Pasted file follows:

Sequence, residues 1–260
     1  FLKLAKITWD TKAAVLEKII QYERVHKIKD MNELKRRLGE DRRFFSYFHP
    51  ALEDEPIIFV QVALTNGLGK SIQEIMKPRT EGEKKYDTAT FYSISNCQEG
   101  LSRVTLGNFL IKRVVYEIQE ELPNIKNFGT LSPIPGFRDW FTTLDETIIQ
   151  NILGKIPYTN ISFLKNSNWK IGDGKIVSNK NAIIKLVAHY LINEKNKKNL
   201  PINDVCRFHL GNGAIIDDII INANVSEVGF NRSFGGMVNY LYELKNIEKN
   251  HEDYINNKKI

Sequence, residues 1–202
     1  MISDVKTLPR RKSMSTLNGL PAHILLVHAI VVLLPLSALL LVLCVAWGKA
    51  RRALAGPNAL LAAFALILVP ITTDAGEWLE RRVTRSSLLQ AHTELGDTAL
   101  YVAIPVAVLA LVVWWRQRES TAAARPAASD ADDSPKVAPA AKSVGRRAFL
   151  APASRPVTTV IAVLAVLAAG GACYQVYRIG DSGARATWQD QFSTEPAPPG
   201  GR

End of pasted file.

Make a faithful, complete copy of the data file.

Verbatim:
Sequence, residues 1–260
     1  FLKLAKITWD TKAAVLEKII QYERVHKIKD MNELKRRLGE DRRFFSYFHP
    51  ALEDEPIIFV QVALTNGLGK SIQEIMKPRT EGEKKYDTAT FYSISNCQEG
   101  LSRVTLGNFL IKRVVYEIQE ELPNIKNFGT LSPIPGFRDW FTTLDETIIQ
   151  NILGKIPYTN ISFLKNSNWK IGDGKIVSNK NAIIKLVAHY LINEKNKKNL
   201  PINDVCRFHL GNGAIIDDII INANVSEVGF NRSFGGMVNY LYELKNIEKN
   251  HEDYINNKKI

Sequence, residues 1–202
     1  MISDVKTLPR RKSMSTLNGL PAHILLVHAI VVLLPLSALL LVLCVAWGKA
    51  RRALAGPNAL LAAFALILVP ITTDAGEWLE RRVTRSSLLQ AHTELGDTAL
   101  YVAIPVAVLA LVVWWRQRES TAAARPAASD ADDSPKVAPA AKSVGRRAFL
   151  APASRPVTTV IAVLAVLAAG GACYQVYRIG DSGARATWQD QFSTEPAPPG
   201  GR